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Sometimes data to be plotted on a polar plot take large values in a specific direction. Is it possible to shape a polar plot created with pgfplots and the polaraxis environment (for example via clipping) so that it looks like the following picture?

enter image description here

2 Answers 2

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pgfplots supports no boxed polar plots of this sort.

You can merely reduce the plotted range using xmin and xmax.

\documentclass{standalone}
\usepackage{pgfplots}
\usepgfplotslibrary{polar}
\pgfplotsset{compat=1.13}

\begin{document}

\begin{tikzpicture}
      \begin{polaraxis}[
        xmin=0,
        xmax=180,
        ytick distance=0.2,
        yticklabel style={anchor=near yticklabel opposite},
        minor x tick num=2,
        grid=both,
      ]
      \addplot[blue] table {
        0 1
        10 0.7
        20 0.5
        60 0.2
        80 0.25
        90 0.26
        100 0.25
        120 0.2
        160 0.5
        180 1
        };
      \end{polaraxis}
\end{tikzpicture}

\end{document}

enter image description here

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  • 1
    Hi Christian! That's what I ended up doing at the end. Thanks! (A boxed polar plot would be a nice new feature though.)
    – Antonio
    Sep 22, 2016 at 7:42
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Here's a way to do it manually with Tikz. By intention I left it in its rudimentary form, i.e. without any paramaters to adjust to:

  • to show, what actions have to be done
  • to indicate, what kind of decision making may be needed

To write your own plot handlers please turn to chapters 65 and 112.3 in the current pgfmanual.

COMMENTS:

(1), (2) and (3) deal with placing nodes for labels, before clipping is applied.

Kindly note that at the top the space got very crowded for the angles, so an intelligent plot handler will account for this.

Instead of using trigonometrics to calculate node coordinates you can also switch to intersections, provided by Tikz.

(4) clips everything that follows. Can certainly be replaced by a rectangle command ;-)

(5) draws the circles, while (6) draws the radii.

(7) plots 2 data sets given in Tikz' polar coordinates. Please note that the angles used in the screenshot shown by the OP doesn't make too much sense.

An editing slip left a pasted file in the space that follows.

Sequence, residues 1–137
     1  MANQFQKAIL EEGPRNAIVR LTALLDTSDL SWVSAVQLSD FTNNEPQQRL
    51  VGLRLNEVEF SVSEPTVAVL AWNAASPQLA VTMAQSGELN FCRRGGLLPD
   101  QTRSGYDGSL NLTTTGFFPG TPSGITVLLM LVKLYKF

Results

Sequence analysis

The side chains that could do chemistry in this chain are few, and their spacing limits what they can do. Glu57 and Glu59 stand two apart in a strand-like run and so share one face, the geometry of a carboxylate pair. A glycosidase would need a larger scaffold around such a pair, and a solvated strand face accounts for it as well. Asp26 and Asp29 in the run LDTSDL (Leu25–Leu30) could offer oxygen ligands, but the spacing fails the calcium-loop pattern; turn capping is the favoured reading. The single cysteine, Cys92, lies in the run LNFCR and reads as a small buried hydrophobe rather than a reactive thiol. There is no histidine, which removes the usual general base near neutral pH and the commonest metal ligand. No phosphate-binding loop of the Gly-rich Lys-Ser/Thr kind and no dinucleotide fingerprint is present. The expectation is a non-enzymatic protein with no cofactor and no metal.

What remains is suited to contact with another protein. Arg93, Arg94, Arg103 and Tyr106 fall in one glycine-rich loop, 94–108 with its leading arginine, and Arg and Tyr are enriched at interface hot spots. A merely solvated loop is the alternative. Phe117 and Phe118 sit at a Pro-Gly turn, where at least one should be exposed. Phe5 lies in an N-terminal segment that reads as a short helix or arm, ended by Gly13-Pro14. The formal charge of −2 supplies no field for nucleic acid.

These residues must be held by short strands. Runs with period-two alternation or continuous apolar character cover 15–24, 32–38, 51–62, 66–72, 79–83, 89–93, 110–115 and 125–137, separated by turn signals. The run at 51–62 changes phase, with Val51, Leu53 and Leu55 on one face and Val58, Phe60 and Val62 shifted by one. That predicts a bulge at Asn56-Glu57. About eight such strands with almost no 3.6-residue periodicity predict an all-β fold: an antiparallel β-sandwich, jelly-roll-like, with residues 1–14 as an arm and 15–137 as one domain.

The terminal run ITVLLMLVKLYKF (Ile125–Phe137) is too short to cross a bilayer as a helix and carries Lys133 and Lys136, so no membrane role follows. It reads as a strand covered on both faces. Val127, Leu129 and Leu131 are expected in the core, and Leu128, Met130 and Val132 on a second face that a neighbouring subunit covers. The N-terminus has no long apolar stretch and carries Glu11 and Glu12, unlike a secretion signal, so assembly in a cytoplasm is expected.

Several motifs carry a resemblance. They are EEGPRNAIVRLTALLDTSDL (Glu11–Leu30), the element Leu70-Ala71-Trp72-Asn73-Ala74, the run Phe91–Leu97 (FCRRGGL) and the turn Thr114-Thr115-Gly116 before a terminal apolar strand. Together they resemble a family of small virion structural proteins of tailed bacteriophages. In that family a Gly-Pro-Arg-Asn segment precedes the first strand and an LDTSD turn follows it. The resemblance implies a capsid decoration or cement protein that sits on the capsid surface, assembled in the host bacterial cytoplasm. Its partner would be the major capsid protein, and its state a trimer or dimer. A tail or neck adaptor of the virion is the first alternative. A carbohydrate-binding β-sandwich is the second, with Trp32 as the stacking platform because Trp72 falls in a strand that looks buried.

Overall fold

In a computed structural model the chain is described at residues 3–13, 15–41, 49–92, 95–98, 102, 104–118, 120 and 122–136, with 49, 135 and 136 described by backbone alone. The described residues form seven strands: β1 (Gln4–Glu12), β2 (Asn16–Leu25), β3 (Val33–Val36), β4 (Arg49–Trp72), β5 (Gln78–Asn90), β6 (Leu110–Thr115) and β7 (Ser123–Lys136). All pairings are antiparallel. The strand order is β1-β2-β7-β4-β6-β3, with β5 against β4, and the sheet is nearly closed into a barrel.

(8) overdraws the frame again to have the correct top colors. This could certainly be done with more elegance, e.g. by moving the frame's code into a top layer to be drawn as the last one.

In general using layers may be an approach worth considering. // Though one is tempted to move more actions into \foreach loops, here I split the action, often for a more uniform color density (i.e. avoiding overdrawing) and also to account for the tan(90) situation ...

result

\documentclass[10pt,border=3mm,tikz]{standalone}
\usetikzlibrary{calc}

\begin{document}
 \begin{tikzpicture}[
    grd/.style={gray!60},
    lbl/.style={anchor=north},
 ]
    % ~~~ (1) x-axis labels ~~~~~~~~~
    \foreach \L in {1,2,3,4}    {
        \node[lbl] at ( \L,0) {\L};
        \node[lbl] at (-\L,0) {\L};
    }
    \node[lbl] at (0,0) {0};
        
    % ~~~ (2) angle labels vertical ~~~~~
    \foreach \w in {10,20}
        \node[anchor=west] at ($tan(\w)*(0,4) + (4,0)$) {$\w^\circ$};
    \foreach \w in {170,160}
        \node[anchor=east] at ($tan(\w)*(0,-4) + (-4,0)$) {$\w^\circ$};
        
    % ~~~ (3) angle labels horizontal ~~~~~
    \foreach \w in {30,40,50,70,150,140,130,110}
        \node[anchor=south] at 
            ($2/tan(\w)*(1,0) + (0,2)$) {$\w^\circ$};
    \node[anchor=south] at  (0,2) {$90^\circ$};
    
    % ~~~ (4) clip ~~~~~~~~~~~~~~~~~~
    \draw[clip] (-4,0) -- (4,0) -- (4,2) -- (-4,2) -- cycle; 

    % ~~~ (5) circular lines ~~~~~~~~~
    \foreach \r in {1,2,3,4} 
        \draw[grd] (\r,0) 
            arc[start angle=0, end angle=180,radius=\r] -- cycle;   
    % ~~~ (6) radii ~~~~~~~~~~~~~~~~~~~~~~
    \foreach \w in {0,10,...,180}
        \draw[grd] (0,0) -- (\w:5) node{\w};
    
    % ~~~ (7) data ~~~~~~~~~~
    \draw[red] (5:4.5) -- (10:2.5) -- (20:1.2)
            -- (30:1) -- (40:.9) -- (50:.9)
            -- (60:.9) -- (70:.9) -- (80:.9)
            -- (90:.9) -- (100:.9) -- (110:.9)
            -- (120:.9) -- (130:.9) -- (140:.95)
            -- (150:1) -- (160:1.5) -- (170:2.5) -- (174:5)
            ;
    \draw[orange,line width=2pt] (12:5) -- (20:3)
            -- (30:2.3) -- (40:2) -- (50:1.9)
            -- (60:1.8) -- (70:1.8) -- (80:1.8)
            -- (90:1.8) -- (100:1.8) -- (110:1.8)
            -- (120:1.8) -- (130:1.9) -- (140:2)
            -- (150:2.3) -- (160:3) -- (170:5)
            ;           

    % ~~~ (8) frame, to overwrite colors ~~~~~~~~~~~~~~~~~~
    \draw (-4,0) -- (4,0) -- (4,2) -- (-4,2) -- cycle; 
 \end{tikzpicture}
\end{document}

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